Case Study 1 – Tile roof
This job was fairly typical of an older house that has had insulation installed, but it is past it’s use-by date. The glass fibre batts aren’t too degraded, we’ve seen much worse, but they are full of dust brought in via the gaps in the tiles and they have been thrown around by various trades over the years, leaving significant roof areas with no insulation.
This is unfortunately all too common. An electrician comes in to change some wiring and moves batts out of the way, but doesn’t replace them. The evaporative cooling gets serviced, they move some batts to get access to vents and don’t replace them. The owner never goes up into the roof to check and you end up with 20% of your roof not insulated. Having the batts sitting over joists and folded into strange shapes speeds their degradation and you end up with this kind of mess.
Batts that have been moved and not replaced, leaving a significant gap in the insulation. You can clearly see the old plaster and lathe ceiling. This is probably a pipe from an old ceiling-mounted hot water service. We can also arrange for these to be removed, along with any other rubbish that has accumulated in your ceiling.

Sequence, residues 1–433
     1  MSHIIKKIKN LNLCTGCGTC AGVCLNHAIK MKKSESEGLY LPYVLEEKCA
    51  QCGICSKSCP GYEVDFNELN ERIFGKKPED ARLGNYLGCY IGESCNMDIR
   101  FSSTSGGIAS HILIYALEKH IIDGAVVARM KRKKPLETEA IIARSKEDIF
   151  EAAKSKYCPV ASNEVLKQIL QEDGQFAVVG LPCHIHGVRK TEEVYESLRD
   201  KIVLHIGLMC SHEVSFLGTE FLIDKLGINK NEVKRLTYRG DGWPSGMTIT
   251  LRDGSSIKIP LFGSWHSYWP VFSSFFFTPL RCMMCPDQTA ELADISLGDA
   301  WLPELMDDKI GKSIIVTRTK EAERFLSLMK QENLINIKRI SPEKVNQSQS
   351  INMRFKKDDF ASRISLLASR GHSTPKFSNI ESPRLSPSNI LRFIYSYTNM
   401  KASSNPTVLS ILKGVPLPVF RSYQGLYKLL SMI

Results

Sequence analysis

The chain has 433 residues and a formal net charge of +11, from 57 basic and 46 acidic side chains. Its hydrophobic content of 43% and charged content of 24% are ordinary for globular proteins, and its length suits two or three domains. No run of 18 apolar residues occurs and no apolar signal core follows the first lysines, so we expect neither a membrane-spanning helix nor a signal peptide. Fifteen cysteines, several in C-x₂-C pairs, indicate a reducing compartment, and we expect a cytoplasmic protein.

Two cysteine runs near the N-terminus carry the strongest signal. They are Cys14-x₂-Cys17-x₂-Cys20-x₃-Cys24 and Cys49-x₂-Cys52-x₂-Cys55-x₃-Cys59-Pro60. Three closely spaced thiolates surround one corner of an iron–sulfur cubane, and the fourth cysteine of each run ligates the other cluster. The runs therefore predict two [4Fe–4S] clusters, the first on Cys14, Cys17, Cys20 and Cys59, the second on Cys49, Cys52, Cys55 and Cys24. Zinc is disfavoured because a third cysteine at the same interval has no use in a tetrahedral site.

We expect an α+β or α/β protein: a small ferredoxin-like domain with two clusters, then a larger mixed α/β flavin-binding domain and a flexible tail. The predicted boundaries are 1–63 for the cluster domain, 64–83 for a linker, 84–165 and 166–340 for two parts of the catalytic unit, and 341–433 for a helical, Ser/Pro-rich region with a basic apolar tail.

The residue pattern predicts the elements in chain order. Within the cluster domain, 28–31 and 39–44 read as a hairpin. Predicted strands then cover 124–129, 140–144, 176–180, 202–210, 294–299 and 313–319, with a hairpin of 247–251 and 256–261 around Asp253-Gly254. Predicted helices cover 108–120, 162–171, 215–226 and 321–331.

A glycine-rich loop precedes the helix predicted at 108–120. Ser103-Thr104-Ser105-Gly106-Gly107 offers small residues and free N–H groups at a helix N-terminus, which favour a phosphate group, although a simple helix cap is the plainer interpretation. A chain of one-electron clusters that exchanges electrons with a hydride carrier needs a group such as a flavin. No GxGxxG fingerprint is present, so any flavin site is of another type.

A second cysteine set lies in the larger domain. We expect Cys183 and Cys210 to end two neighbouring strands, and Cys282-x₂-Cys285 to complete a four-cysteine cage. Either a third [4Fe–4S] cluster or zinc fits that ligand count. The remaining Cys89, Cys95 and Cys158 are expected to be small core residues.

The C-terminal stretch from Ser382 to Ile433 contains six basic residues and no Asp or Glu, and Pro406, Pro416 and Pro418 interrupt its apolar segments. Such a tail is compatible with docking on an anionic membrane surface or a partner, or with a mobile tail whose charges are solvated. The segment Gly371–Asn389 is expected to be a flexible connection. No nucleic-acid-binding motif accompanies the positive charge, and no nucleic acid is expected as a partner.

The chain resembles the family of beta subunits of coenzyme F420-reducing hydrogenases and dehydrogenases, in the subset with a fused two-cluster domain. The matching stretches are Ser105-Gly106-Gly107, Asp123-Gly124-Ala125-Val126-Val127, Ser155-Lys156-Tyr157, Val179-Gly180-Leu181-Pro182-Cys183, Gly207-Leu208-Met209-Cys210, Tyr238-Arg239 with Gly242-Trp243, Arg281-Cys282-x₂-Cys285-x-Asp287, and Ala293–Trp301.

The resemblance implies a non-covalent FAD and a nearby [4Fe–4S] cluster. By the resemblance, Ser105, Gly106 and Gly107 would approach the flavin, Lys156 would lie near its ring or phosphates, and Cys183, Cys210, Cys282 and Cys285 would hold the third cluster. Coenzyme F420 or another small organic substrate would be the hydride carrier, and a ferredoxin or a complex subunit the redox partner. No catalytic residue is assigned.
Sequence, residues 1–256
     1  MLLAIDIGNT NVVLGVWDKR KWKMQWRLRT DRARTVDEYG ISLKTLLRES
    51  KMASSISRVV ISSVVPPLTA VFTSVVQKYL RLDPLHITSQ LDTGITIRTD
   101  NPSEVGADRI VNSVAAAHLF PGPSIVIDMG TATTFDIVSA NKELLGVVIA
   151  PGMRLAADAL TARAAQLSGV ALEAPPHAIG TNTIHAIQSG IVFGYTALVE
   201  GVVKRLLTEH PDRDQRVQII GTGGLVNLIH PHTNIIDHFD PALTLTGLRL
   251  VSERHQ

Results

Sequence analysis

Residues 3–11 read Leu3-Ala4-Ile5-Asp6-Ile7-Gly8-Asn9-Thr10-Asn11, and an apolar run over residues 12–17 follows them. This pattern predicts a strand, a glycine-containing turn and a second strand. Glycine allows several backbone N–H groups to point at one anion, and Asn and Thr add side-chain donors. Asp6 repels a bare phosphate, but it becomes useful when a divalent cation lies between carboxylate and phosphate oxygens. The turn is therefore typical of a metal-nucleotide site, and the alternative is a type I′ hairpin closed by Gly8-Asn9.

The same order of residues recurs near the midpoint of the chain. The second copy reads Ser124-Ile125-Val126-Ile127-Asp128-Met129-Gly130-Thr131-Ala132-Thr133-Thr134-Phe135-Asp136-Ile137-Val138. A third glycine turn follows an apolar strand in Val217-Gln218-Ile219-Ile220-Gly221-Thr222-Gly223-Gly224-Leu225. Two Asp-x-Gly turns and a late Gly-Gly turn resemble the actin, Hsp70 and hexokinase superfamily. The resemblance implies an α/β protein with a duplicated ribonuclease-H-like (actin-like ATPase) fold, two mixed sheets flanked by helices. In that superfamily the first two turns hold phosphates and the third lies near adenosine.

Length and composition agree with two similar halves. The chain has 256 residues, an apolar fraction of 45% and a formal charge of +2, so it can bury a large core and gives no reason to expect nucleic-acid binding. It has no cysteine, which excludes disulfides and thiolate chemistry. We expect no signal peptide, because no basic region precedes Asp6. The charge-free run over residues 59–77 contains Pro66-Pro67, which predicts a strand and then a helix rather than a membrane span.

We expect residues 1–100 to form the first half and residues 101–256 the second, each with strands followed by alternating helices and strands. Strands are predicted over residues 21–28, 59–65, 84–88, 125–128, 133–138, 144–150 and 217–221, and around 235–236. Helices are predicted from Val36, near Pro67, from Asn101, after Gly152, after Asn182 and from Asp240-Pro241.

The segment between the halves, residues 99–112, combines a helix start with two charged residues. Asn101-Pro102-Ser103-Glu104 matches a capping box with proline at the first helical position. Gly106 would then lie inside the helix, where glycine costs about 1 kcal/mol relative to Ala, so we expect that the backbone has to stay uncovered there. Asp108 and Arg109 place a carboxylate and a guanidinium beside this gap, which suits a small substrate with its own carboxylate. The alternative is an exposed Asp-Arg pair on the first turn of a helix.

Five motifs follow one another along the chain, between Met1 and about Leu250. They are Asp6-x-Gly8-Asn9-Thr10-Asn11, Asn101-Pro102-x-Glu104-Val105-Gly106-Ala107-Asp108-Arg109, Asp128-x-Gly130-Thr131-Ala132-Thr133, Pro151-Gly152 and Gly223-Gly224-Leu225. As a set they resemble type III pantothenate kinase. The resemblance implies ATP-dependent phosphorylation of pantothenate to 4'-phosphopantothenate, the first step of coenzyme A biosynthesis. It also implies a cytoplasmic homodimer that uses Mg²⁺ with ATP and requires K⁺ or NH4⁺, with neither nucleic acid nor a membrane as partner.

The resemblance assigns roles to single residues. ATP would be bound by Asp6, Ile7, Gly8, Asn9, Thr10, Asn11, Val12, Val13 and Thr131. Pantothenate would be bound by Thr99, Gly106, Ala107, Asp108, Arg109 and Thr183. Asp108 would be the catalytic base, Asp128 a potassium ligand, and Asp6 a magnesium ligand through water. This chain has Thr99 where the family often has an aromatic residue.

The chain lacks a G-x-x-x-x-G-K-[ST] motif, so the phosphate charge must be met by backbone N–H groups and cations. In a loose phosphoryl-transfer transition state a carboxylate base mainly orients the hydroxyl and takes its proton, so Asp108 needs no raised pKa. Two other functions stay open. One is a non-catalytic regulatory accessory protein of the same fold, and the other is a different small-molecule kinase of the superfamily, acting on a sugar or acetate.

More dirty batts, major gaps and rubbish left in the ceiling.
Large sections of ceiling left uninsulated.
After cleaning and installation of fresh polyester insulation. Rubbish removed, dust vacuumed out and polyester batts laid neatly, giving complete coverage.
Fresh insulation in a clean roof. All electrical wiring is above the insulation. Enclosing wiring in insulation reduces the current rating of the cable, which means circuit breakers may need to be changed for smaller ones to ensure safety.
Before and after shots of the same area, showing the results of cleaning and insulating